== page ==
Dan’s empathetic character development is contrasted with the introduction of the film’s Manson-esque antagonists. The rag-tag group of pseudo-immortals, helmed by a seductively charismatic leader named Rose the Hat (Rebecca Ferguson), call themselves the “True Knot” and rove around in search of “steam,” a life-giving essence they cannibalize from the fear and pain of those who shine. It is cliché for the villains to “eat” and “drink” human suffering and the portrayal of this feeding process on screen occasionally bleeds into unintentional comedy and cringe, but for the most part, Rose and gang’s ravenous hunger is effectively creepy. One scene in particular stands out as downright disturbing — the bohemian killers taking their time knifing a young boy (Jacob Tremblay) to prolong his distress and thereby increase the rejuvenating rewards of his death. Moments like these exhibit the film’s strengths in conveying suspense less through conventional jump scares and other sucker punches and more through unsettling imagery and atmosphere.

Dan begins to communicate psychically with Abra (Kyliegh Curran), a young girl with an extremely powerful shine. Abra’s potency attracts the attention of the True Knot, who want to either feed on Abra to survive or conscript her into their ranks. Abra seeks help from Dan after sensing the danger she is in and the two supernaturals face off against their pursuers in a series of confrontations that culminate in a final showdown at the place where it all began. Here, in territory familiar to those who have seen The Shining, audiences may split over whether or not the reuse of iconic imagery such as blood gushing out of elevators and deadpan twin sisters chanting in eery unison constitutes a respectful nod to a classic film or a flagrant bid to fill time. For myself, I may have checked my watch once or twice.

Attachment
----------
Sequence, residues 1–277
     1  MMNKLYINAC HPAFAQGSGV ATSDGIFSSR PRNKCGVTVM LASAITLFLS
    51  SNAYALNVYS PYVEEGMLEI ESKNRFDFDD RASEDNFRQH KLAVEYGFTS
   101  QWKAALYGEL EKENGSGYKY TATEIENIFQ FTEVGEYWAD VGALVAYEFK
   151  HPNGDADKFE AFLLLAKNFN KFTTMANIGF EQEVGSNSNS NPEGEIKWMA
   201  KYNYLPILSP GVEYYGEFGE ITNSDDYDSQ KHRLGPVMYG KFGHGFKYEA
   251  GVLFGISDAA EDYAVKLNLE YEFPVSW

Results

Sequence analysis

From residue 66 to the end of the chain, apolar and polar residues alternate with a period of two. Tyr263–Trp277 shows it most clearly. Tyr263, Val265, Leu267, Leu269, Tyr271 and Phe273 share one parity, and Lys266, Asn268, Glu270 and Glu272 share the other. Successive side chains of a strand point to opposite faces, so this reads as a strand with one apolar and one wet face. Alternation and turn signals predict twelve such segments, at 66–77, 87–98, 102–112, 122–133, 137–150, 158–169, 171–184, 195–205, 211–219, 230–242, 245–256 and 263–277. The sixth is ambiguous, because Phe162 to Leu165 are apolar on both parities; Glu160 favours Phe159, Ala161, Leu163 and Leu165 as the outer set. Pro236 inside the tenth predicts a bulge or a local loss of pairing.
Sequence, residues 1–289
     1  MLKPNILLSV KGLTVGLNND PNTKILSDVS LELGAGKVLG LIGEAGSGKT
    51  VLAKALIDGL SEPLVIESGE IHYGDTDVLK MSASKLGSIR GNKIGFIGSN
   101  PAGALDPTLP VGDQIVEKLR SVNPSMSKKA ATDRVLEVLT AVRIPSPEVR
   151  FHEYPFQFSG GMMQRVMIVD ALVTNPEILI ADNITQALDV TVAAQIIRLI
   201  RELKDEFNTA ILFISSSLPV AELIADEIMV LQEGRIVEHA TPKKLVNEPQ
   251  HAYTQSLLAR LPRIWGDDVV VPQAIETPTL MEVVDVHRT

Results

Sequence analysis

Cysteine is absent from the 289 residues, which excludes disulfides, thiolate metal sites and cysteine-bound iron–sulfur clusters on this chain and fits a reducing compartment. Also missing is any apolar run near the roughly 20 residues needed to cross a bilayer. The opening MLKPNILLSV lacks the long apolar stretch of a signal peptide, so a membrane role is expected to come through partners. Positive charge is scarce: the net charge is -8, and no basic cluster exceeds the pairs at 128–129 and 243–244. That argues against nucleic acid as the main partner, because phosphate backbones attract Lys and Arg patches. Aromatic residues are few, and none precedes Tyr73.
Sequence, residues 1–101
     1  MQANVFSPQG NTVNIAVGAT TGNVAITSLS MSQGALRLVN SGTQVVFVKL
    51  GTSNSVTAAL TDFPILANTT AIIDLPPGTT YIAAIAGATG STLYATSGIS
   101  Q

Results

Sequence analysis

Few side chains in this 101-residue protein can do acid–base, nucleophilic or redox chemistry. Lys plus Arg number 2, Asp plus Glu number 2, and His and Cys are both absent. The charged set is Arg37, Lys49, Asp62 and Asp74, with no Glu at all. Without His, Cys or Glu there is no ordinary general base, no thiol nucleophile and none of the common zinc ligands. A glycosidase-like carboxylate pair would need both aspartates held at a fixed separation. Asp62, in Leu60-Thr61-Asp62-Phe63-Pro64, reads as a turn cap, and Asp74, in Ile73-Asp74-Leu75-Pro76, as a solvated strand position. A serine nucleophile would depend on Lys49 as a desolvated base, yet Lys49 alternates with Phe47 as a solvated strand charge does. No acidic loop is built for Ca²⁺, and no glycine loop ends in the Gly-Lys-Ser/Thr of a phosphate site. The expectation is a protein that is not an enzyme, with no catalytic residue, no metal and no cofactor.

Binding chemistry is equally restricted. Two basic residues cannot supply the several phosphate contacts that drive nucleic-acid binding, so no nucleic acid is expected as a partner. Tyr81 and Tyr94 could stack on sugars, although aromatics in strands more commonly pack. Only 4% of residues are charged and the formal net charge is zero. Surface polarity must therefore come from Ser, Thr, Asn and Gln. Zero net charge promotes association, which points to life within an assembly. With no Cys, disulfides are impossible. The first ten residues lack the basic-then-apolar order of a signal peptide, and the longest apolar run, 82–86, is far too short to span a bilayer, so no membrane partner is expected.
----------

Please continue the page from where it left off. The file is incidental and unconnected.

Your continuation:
Beyond the not altogether successful tightrope performance it tries to pull off, Doctor Sleep is hamstrung by a few other faults. The CGI in the film is more effective in some scenes than in others; a sequence involving global astral projection and an unsettling facial transformation exemplifies the two poles of quality between which the digital effects in the film swing. Some of the dialogue is stale and bloodless, as when the misandrist Snakebite Andi (Emily Alyn Lind) hisses “Men” at one of her male victims, or becomes frustratingly repetitive (prepare to hear Rose intone promiscuously “well, hello there” over and over). The characters act remarkably illogical in a few instances, which will likely defy viewer’s sense of belief. A gun fight scene comes to mind in which I was internally raging at a character’s nonsensical decision to prolong the threat to another’s character’s life for no apparent reason.

But even so, Flanagan does manage to capture some of the spirit and stylistic flourishes that set the tone of The Shining and make that film as memorable as it continues to be. From the plodding ominousness of “Dies Irae” to thought-provoking themes that meditate on how individuals grapple with guilt, death, and the unknown to even the way scenes transition into each other with characters’ voices floating over and through them like ghostly wisps of life, Doctor Sleep generally feels like an extension of The Shining in all the right ways. Moreover, it both acknowledges and develops the lore established in The Shining, leaving viewers with something more than just cheap, nostalgic thrills. The result is a satisfying and rewarding experience for those who can temper their expectations and be led, sometimes patiently, back into the world crafted by King and put to screen by Kubrick almost forty years ago.